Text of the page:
Limits to Liberation: Building Resilience in Business (Part 2)
Read part 1 here and part 3 here.
Entrepreneurship is not for the faint hearted. It’s like a Phd in patience and positivity combined. But it’s a journey with unique rewards.
I am a social entrepreneur. I’m living with chronic health challenges. I’m working hard on healing and living the best life I can.
We try to balance our challenges and still be successful. I’ve found that to be able do this, or rather to keep doing this, I have to be resilient.
It’s a requirement.
Factors which make up resilience include: a positive attitude, optimism, the ability to regulate one’s emotions, and the ability to see failure as a form of helpful feedback.
According to the psychologist, Susan Kobasa, there are three main elements that resilient people possess:
Challenge. Commitment. Control.
She further explains:
You can develop resilience in several ways. First, take care to exercise regularly and get enough sleep, so that you can control stress more easily. The stronger you feel physically and emotionally, the easier it is for you to overcome challenges.
Focus on thinking positively, and try to learn from the mistakes you make. Build strong relationships with colleagues and friends, so that you have a support network to fall back on. Also, set specific and achievable personal goals, and work on building your self-confidence.
I had to transform. I couldn’t afford not to be resilient.
I had limited energy and I had to learn to use it wisely. When you can only work an hour or a day a week you need to use it effectively.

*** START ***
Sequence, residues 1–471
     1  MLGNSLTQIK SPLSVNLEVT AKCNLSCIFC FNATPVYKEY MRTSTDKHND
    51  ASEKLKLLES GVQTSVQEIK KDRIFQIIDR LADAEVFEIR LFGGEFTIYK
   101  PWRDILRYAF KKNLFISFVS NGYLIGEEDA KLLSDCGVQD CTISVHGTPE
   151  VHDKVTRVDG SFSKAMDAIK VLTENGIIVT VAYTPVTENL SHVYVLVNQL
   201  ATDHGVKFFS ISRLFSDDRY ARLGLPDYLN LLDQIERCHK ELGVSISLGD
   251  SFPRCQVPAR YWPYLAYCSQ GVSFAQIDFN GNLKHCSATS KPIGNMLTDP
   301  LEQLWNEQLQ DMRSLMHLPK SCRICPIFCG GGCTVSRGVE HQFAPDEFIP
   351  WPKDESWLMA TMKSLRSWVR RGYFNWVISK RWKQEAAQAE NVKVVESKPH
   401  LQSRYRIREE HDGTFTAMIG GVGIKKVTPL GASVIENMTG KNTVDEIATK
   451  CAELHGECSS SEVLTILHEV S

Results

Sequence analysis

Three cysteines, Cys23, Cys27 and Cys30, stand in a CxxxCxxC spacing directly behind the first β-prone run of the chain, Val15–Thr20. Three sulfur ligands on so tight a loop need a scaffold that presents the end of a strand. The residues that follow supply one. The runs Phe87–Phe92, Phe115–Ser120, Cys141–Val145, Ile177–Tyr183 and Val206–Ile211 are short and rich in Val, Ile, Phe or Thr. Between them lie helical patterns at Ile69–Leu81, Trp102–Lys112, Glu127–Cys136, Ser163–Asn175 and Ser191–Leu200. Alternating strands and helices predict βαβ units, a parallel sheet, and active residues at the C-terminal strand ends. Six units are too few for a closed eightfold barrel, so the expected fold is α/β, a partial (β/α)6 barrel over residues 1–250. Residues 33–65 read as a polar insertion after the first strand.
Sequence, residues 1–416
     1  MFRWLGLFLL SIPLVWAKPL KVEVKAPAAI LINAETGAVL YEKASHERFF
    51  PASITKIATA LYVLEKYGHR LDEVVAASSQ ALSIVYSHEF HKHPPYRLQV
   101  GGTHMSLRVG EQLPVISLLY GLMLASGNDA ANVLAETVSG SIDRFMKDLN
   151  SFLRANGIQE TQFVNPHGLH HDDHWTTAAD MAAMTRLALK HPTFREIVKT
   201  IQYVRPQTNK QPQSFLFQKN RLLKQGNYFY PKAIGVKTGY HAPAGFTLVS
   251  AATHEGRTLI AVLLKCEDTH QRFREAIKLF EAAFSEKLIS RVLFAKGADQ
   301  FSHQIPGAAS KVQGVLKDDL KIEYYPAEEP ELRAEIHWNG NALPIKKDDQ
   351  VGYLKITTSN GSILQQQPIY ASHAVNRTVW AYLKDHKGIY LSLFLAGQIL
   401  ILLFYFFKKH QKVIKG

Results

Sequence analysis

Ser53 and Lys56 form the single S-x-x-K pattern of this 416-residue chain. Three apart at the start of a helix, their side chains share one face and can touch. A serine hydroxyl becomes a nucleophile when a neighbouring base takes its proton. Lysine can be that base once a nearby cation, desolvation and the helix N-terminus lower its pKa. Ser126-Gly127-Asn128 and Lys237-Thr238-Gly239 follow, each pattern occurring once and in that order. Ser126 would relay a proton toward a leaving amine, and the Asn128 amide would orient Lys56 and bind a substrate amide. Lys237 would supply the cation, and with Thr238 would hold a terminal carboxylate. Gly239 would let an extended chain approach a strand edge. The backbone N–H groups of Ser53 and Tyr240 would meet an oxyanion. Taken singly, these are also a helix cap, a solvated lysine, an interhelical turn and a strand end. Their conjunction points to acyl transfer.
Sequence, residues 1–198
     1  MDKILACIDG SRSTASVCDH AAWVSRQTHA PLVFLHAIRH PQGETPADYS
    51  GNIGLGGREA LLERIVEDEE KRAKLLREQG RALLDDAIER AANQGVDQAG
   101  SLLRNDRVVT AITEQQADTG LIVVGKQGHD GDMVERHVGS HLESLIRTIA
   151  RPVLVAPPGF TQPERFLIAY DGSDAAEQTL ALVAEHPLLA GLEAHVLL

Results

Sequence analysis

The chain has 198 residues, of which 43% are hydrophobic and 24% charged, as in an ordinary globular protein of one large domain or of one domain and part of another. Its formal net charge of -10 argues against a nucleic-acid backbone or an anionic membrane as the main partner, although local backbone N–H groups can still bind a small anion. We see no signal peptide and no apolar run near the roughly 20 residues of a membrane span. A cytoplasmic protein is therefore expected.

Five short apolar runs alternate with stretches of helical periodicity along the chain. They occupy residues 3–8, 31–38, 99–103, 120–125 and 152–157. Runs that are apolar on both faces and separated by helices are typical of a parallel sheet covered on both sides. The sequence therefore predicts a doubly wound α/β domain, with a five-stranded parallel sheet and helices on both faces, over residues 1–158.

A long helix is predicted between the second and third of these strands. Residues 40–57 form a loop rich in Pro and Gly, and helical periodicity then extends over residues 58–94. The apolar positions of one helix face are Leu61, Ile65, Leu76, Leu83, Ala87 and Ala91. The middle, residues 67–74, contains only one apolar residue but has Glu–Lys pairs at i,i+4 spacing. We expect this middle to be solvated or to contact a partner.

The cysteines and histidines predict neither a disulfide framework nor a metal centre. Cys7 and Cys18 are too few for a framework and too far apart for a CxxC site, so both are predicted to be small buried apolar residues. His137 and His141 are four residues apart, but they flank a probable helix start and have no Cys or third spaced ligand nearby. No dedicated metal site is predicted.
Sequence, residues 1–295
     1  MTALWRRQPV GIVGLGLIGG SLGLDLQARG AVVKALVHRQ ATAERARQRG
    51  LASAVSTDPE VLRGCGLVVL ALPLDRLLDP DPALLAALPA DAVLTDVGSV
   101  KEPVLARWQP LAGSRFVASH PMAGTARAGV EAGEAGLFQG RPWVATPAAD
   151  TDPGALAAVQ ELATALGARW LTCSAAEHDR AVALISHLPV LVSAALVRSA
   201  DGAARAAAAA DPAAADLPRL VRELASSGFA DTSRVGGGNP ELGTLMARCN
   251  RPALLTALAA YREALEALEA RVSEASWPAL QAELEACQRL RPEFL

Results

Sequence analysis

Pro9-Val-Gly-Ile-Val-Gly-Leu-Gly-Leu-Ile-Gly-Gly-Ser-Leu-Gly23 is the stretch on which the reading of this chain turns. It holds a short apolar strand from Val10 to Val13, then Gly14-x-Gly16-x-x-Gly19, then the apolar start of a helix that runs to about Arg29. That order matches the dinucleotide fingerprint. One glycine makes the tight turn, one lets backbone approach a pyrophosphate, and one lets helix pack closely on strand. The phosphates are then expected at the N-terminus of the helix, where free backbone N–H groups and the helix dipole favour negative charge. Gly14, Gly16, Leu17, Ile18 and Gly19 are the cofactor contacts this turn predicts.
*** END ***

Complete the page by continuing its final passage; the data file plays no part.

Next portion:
Click to tweet: Starting up with a health challenge, I knew from the beginning my business had to go beyond just me.
But this can benefit all of us as entrepreneurs. Learning to be resilient now can make our businesses more effective and avoid future problems from stopping us in our tracks.
How to develop resilience in your life and business? I have 5 key teachings to share with you today to help strengthen your resilience:
1. Crises are powerful windows of opportunity.
A crisis cuts out everything unnecessary and you make decisions you have to make. Crises can be an acceleration moment.
When everything falls apart is when you notice what’s important.
Your business is stripped down to the essentials, which is great because you’ve got rid of all the clutter and you are doing just what you need to do.
Taking care of yourself becomes a priority because if you don’t, there aren’t any reserves to fall back on.
There is such a thing as ‘post traumatic growth’, a breakdown can lead to a breakthrough – if we handle it correctly.
You don’t have to wait for a crisis to happen to take action. Image you are stripping your business back to the basics. What’s essential for maintenance, service and growth? Where do you need to put your energy?
You don’t have to wait for the right time to create change. Now is the perfect time because, truthfully, there will never be a perfect time. Now, when you are too busy, when you don’t have enough money, when the children are too young – now. Because now is when it’s needed and today has power and magic in it.